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When the world’s two biggest computing superpowers say they’ve agreed to curb computer hacking, such a declaration ought to count as a turning point in the history of cybersecurity.

Don’t get your hopes up.

If past is prologue, September’s ballyhooed U.S.-China cybersecurity pact will likely be remembered as just another feel-good moment during which politicians mug for the cameras and play statesmen.

After his meeting with U.S. President Barack Obama, China President Xi Jinping said his country is opposed to the theft of commercial secrets. The White House, spinning the agreement as major progress, said the sides had agreed not to “conduct or knowingly support cyber-enabled theft” of intellectual property.

Yet the ink on the agreement was not even dry when a new report described an operation hackers affiliated with the Chinese government conducted against a Massachusetts subsidiary of Samsung Electronics called LoopPay.  

LoopPay representatives, who learned about the attack in August, said the intrusion began months earlier. So technically, China didn’t violate its fresh pledge to abide by the straight and narrow. But time will tell.

Chinese government representatives have been stating their opposition to cyberespionage since at least 2010, when they denied state involvement in cyberattacks against Google. More recently, when U.S. officials blamed China for a hack of the Office of Personnel Management, which resulted in the data theft of more than 20 million federal employees, the Chinese Foreign Ministry blew a gasket, announcing that it was “irresponsible and unscientific to make conjectural, trumped-up allegations without deep investigation.”  

China does not differentiate between cyberespionage aimed at uncovering military and political secrets, and cybertheft of business plans and intellectual property.

I’m sure they were shocked, shocked to learn of the charges—just as they were when security researcher Mandiant revealed links between the Chinese army and hackers who had launched 141 cyberattacks against companies since 2006. They gave the same “who, me?” response after the Justice Department charged five Chinese military officers with conducting espionage against U.S. corporations and a labor organization. Each time, Beijing dismissed the allegations as groundless and depicted China as the real hacking victim.

Sophisticated hackers can easily disguise their tracks, affording China a considerable amount of plausible deniability. So in the event of future cyberattacks emanating from China, U.S. officials have two options: Take China’s leaders at their word, or call them a pack of liars.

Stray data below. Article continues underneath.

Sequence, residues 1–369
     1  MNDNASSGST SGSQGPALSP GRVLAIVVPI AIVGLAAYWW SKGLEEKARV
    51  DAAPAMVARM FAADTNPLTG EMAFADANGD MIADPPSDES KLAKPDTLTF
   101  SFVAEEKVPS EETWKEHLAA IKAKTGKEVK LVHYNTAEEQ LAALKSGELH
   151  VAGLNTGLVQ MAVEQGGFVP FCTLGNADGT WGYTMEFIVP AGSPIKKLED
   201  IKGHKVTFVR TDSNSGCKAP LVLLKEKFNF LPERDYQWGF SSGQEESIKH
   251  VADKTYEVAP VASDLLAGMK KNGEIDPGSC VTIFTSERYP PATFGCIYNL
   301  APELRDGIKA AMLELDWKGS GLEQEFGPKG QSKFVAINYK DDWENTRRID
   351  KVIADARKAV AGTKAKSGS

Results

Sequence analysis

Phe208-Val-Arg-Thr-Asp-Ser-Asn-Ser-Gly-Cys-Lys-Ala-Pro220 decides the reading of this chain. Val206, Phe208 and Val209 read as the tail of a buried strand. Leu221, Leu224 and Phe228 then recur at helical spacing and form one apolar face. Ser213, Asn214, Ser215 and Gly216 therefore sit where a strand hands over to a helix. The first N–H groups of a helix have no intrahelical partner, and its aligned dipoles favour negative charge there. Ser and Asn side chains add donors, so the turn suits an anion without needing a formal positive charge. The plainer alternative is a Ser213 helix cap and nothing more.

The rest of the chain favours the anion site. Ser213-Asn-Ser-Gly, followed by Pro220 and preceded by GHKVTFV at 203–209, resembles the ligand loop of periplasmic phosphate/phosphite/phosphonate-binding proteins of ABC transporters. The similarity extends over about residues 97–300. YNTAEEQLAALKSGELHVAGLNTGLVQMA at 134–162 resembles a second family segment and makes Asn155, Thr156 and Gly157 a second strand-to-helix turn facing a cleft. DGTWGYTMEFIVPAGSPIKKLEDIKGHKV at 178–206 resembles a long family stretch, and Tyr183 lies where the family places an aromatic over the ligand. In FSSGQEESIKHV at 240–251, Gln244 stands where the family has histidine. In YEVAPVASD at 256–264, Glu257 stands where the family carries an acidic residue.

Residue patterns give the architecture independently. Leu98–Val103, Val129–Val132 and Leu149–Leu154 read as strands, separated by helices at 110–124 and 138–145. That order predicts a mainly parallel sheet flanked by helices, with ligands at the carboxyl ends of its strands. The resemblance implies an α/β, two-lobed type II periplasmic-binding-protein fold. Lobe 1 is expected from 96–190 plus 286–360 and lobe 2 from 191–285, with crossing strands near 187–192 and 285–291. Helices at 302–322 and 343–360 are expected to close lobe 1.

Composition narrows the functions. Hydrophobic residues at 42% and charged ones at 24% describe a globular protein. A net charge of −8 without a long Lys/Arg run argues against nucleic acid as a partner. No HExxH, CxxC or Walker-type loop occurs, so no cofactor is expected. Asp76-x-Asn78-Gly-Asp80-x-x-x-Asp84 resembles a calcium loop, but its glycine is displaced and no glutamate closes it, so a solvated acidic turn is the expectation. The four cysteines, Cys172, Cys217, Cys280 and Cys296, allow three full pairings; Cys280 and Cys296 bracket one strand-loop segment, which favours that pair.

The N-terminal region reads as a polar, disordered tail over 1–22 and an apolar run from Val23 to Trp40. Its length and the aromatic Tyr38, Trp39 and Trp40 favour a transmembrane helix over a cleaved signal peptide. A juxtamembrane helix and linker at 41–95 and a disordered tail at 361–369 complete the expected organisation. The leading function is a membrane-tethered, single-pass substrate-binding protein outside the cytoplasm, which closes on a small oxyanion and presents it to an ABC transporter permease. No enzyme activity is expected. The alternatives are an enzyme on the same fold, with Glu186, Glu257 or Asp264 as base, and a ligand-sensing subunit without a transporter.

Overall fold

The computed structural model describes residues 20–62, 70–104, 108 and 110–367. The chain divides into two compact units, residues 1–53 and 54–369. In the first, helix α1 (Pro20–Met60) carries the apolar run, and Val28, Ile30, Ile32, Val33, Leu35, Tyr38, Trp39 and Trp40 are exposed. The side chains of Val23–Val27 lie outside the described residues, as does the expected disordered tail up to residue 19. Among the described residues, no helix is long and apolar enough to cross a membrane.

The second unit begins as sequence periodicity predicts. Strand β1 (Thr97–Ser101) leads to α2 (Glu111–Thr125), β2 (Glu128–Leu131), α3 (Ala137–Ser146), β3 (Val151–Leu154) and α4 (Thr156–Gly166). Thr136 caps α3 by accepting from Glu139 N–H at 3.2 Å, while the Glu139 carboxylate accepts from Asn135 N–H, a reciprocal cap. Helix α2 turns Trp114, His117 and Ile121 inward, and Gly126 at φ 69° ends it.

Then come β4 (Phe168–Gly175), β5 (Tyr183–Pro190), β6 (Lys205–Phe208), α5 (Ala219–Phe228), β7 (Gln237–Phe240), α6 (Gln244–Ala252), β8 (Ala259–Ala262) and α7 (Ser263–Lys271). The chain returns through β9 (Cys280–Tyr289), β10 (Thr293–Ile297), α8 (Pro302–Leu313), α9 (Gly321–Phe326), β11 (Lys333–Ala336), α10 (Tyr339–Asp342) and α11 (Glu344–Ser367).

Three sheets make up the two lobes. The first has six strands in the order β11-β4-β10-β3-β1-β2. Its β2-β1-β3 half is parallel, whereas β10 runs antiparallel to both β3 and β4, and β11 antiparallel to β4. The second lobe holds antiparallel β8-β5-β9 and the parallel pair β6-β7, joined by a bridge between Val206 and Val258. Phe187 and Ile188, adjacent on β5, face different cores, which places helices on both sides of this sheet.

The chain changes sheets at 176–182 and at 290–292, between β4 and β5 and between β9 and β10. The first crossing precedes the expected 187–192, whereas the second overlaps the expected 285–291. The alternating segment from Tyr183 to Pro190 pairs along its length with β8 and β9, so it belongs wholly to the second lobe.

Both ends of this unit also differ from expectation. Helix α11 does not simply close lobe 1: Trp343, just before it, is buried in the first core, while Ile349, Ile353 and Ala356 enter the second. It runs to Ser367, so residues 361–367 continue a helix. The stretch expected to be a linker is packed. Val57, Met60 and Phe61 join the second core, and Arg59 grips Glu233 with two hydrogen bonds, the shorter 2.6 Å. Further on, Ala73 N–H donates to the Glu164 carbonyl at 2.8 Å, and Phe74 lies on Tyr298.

Toothless terms

The agreement provides for information exchanges, legal cooperation, and a “hotline for the escalation of issues.” It also includes a joint pledge to “further identify and promote appropriate norms of state behavior in cyberspace.”

But is any of this likely to be a harbinger of fundamental change? In Congressional testimony, James Clapper, the government’s director of national intelligence, was asked whether he was optimistic that the deal would stop Chinese cyberattacks. “No,” he replied.

He has reason to be skeptical. As others have documented, China does not differentiate between cyberespionage aimed at uncovering military and political secrets, and cybertheft of business plans and intellectual property.

Although the agreement may prohibit China from cyberespionage for commercial gain, it’s essentially a gentleman’s agreement filled with language loopholes that China—or the United States, for that matter—can easily wriggle through, notes Jeffrey Vagle, a lecturer at the University of Pennsylvania Law School and executive director of its Center for Technology, Innovation and Competition.

If Chinese officials, for example, ever get an urge to hack the State Department, the Pentagon, or a Secretary of State’s server—wherever the location—there’s nothing in this deal to give them pause. This isn’t a treaty or some other legally binding document. There’s nothing in the fine print related to cyberespionage to protect the national interest, and there are no real teeth in this agreement; it is more or less unenforceable.

Right now, the best you can say is that the two presidents found a polite way to dress up something with little substance as a major news event. That’s quite a feat, but it’s not going to do much to improve cybersecurity.